Seahawks’ Houshmandzadeh has a few words of advice

RENTON — Everyone has seen the gaudy numbers T.J. Houshmandzadeh put up in Cincinnati, seen the pony tail and the tattoos, even heard the interviews where he sounds like he might just be another overconfident receiver.

But there’s another side to the Seahawks’ biggest offseason acquisition, a side far fewer people have seen, but that is more worthy of the praise Houshmandzadeh will receive for what he does on the field this season.

At some point this season, Houshmandzadeh will do something that will make 67,000 Seahawk fans stand up and cheer. But moments like one a week and a half ago at the University of Washington, those are why professional athletes sometimes are really worth looking up to.

Houshmandzadeh could have easily kept going about his business on that Friday evening, finished the last 20 minutes of practice and called it a night. Instead he found a group of University of Washington football players standing on the sideline, watching as the Seahawks held practice at Husky Stadium. Two had backgrounds like Houshmandzadeh, they were Southern California raised and had taken the junior college route to the Pac-10.

So even though Houshmandzadeh had other things to do, he started talking to the UW defensive backs on the sideline. Sure they talked football, and he even coached them up a bit, showing them what moves to watch for from opposing receivers.

But then he hammered home his more important message. One he wished somebody would have told him years ago.

“They kind of came up the same way I came up,” Houshmandzadeh said. “I was just trying to give them the type of advice I wish I had gotten. I told them that not everybody is going to make the NFL, that’s just not going to happen, but to take advantage of the opportunity that they have to go to school for free. That’s it, because at the end of the day, if you don’t make it at least you want to have something you can fall back on to have a good life for your family.”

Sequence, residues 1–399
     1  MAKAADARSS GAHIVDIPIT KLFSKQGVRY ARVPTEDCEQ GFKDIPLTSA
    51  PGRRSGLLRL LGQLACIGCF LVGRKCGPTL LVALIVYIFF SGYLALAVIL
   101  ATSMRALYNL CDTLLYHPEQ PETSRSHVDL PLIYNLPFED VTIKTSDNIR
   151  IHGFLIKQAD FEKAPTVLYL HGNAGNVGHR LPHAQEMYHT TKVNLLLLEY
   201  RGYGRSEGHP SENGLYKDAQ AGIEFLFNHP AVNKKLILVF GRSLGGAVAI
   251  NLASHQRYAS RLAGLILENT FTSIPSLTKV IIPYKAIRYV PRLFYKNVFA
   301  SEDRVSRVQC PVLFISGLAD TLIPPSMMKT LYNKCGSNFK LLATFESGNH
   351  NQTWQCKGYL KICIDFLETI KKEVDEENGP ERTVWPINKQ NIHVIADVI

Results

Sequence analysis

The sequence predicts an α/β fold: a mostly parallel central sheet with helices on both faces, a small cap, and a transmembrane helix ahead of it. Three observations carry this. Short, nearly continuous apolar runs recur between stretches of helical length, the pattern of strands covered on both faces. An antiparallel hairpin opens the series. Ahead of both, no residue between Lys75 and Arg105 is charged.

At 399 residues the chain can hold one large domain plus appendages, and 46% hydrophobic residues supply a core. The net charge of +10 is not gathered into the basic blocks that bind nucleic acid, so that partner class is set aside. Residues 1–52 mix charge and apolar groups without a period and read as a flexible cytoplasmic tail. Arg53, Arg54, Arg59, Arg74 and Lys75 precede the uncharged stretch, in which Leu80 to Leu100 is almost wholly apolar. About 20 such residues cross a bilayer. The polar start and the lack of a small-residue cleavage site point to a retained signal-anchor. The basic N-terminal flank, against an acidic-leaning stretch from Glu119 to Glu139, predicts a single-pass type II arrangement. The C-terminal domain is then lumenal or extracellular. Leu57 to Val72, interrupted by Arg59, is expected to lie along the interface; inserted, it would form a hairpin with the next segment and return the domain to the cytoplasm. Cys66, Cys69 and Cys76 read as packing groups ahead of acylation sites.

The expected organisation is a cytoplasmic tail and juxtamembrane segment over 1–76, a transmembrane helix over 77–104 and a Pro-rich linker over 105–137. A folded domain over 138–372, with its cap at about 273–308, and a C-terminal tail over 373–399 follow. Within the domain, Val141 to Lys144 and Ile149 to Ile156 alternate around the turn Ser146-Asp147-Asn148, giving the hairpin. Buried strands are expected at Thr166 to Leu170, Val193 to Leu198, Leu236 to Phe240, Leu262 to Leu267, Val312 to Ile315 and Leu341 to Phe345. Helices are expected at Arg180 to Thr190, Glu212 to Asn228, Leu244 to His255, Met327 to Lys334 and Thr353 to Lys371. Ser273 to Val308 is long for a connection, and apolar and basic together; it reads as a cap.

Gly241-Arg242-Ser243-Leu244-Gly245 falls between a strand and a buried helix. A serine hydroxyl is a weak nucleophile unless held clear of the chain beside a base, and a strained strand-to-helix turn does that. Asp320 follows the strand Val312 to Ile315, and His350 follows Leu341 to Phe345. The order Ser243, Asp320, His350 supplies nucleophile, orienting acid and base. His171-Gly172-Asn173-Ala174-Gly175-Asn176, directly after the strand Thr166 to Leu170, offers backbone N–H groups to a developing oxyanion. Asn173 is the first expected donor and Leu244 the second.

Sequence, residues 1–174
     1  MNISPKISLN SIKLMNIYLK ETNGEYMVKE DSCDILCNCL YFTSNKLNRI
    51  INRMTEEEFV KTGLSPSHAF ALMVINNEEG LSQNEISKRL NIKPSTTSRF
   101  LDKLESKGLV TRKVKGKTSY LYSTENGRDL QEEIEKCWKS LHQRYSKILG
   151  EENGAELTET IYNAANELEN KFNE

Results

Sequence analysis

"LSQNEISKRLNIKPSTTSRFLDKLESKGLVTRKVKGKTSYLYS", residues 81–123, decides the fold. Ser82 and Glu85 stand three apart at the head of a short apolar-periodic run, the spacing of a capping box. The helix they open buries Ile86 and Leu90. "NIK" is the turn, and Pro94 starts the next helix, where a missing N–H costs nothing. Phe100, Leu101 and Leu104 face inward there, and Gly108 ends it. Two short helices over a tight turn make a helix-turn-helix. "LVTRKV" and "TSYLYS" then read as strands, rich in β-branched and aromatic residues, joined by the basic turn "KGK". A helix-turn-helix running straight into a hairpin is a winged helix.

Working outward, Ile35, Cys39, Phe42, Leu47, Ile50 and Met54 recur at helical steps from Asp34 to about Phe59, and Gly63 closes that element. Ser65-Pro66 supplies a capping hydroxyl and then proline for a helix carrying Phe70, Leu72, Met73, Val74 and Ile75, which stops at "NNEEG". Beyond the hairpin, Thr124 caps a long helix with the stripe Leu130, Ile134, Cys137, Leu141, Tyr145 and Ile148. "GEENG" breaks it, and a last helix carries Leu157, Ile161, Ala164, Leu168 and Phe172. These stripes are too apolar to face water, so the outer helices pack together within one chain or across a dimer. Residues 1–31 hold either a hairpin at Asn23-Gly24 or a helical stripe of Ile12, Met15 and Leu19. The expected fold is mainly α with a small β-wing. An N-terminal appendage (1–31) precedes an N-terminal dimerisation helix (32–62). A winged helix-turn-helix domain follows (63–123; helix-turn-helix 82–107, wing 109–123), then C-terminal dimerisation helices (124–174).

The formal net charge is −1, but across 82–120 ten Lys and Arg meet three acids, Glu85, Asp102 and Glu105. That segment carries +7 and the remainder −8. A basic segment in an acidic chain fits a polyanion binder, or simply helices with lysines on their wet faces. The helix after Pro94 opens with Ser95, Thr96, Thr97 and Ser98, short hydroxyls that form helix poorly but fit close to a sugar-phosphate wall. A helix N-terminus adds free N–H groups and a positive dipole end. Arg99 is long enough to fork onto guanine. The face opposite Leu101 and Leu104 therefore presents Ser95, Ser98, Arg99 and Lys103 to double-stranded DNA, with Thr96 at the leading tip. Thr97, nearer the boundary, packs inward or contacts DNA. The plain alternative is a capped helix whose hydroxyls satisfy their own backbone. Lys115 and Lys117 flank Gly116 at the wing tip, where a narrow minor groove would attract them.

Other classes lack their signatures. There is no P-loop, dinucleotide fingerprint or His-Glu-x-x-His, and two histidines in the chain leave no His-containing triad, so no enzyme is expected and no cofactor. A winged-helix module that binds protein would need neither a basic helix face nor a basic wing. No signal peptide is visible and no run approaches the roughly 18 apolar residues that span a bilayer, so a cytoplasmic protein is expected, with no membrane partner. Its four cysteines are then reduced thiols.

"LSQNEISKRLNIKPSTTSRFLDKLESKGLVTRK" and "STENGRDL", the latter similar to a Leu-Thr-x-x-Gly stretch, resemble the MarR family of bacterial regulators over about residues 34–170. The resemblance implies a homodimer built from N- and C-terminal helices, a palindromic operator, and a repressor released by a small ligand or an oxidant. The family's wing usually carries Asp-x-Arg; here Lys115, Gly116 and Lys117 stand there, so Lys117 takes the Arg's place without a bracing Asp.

Houshmandzadeh is lucky, he knows that. He didn’t take school seriously enough, but got away with it. His athletic talents made him a multi-millionaire, and he may someday go back and finish school, but he certainly doesn’t need to. So many young athletes that have shared the same dream didn’t end up where he is, however.

Houshmandzadeh didn’t graduate from Barstow High School, but did well enough at Cerritos Junior College to get into Oregon State. There, like so many other college football players, he spent most of his time worrying about football and left OSU without a degree. Eight years later, he’s on a sideline talking to young athletes, “Don’t be stupid like I was. Make sure you get a degree out of this.”

He wasn’t doing it because he sees himself as some great ambassador for the importance of education, or because he thought anyone was going to notice his good deed. No, Houshmandzadeh just saw some kids that reminded him of a younger version of himself and relayed a message he didn’t hear enough.